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'The Man Who Invented Christmas' provides a fresh perspective on a holiday favorite 

A Dickens of a tale

God made the heavens and the earth in six days, but he didn't create Christmas. That was left to Charles Dickens, who accomplished the task in just six weeks by writing the most beloved holiday classic of all time, A Christmas Carol.

Of course, neither tale is true. But just as biblical stories make great yuletide tales, so too does The Man Who Invented Christmas, the partly fictional tale of how Dickens turned Dec. 25 from just another holiday into the tradition we know today and, in the process, got his own literary mojo back by embracing his ho-ho-ho.

Directed by Bharat Nalluri (Miss Pettigrew Lives for a Day, MI-5), with a screenplay by Susan Coyne (based on the 2008 book by Les Standiford), the movie introduces us to Dickens at a downturn in his young career. Though he was already known as "the Shakespeare of the novel," Barnaby Rudge and Martin Chuzzlewit had not lived up to his fans' (great) expectations. Even worse, Dickens was deeply in debt and expecting his fifth child. He desperately needed a hit, and this film mixes fact with fantasy to concoct a charming, family-friendly tale of how Dickens produced that hit.

The movie works largely because of the performance of Dan Stevens, who is just plain likable as Dickens, unless you haven't forgiven him for leaving Downton Abbey. It takes him some time to find his footing, though, at least in the early going, when he does more mugging than the Artful Dodger and serves up a heaping of holiday ham that would leave Oliver Twist asking for less. That early mediocrity is due in part to the script's tonal failings, but after about 30 minutes, both Stevens and Nalluri have righted the ship.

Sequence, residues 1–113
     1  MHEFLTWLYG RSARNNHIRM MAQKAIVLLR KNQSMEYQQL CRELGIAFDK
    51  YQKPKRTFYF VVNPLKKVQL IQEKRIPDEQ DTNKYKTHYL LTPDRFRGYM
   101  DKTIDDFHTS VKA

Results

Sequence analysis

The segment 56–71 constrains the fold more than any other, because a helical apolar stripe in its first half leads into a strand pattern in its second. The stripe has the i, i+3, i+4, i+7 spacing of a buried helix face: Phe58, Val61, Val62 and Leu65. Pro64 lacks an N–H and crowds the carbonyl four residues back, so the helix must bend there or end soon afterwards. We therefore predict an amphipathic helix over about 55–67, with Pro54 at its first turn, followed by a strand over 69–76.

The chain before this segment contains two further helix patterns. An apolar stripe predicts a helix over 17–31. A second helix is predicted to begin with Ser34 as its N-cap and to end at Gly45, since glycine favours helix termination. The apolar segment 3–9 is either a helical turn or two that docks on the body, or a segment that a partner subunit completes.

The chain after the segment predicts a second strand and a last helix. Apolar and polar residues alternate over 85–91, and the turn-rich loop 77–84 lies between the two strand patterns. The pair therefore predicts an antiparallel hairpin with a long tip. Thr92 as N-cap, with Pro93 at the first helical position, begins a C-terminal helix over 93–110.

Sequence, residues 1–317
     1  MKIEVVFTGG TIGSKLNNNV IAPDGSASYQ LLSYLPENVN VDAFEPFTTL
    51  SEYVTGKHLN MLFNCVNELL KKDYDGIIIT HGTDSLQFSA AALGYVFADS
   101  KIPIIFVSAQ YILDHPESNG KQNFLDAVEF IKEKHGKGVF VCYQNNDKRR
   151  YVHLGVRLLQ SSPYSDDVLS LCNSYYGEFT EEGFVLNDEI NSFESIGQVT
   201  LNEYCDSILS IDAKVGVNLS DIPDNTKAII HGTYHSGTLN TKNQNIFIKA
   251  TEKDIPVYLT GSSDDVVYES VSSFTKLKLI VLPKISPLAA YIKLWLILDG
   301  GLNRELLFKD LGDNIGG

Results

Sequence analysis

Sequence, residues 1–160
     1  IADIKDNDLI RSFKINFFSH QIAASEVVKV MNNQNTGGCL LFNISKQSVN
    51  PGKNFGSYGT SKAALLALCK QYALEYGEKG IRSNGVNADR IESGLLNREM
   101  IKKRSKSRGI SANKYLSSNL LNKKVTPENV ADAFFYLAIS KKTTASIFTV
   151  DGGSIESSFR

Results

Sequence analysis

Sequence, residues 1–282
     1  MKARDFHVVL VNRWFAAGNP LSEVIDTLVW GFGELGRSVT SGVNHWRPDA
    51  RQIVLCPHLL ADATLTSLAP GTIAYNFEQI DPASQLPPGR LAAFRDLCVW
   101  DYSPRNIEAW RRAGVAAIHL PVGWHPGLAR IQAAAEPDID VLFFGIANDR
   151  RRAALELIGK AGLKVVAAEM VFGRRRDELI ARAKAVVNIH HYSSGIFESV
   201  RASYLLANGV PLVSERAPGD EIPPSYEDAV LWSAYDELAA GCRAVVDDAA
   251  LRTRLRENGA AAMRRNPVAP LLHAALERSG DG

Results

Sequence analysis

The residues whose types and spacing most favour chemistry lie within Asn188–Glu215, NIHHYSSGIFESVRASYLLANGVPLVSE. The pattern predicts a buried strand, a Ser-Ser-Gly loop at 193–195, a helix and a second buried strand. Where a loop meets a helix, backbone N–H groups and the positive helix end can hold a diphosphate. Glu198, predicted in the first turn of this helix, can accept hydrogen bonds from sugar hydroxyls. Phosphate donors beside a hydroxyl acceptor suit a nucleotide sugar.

What really sets the film apart from the recent slate of abysmal holiday fare is its sweetness, good intentions and solid supporting performances. Everyone's favorite Kevin Spacey stand-in, Christopher Plummer, is endearing as always, even when tasked with portraying Scrooge (or, more precisely, Dickens' imaginary inspiration). Even better is Jonathan Pryce as Dickens' father. The relationship between the elder and younger Dickens was a complicated one, and it provides the film's dramatic highlight. And Justin Edwards (as Dickens' business manager and the Ghost of Christmas Present) and Donna Marie Sludds (as Dickens' housemaid and the Ghost of Christmas Past) are solid additions.

If you expect to learn a lot about Christmas, you might be disappointed. We do get references to how ignored the holiday was pre-Dickens, but we never get a factual explanation of just how much A Christmas Carol enhanced the traditions. The screenplay instead delves into Dickens and posits (sometimes heavy-handedly) that he had a hidden Scrooge inside himself, one who was often neglectful of his family, haunted by his workhouse youth and insecure about his talent.

"I'm the stain upon your soul," Scrooge tells his creator, "and I will never, ever leave you."

It's this retelling of the original novella – with Dickens as the central character – that imbues the film with both darkness and light, and a moral to boot. And though the real Dickens is often left in the shadows, enough magic emerges to boost the spirits of even the humbuggiest among us.

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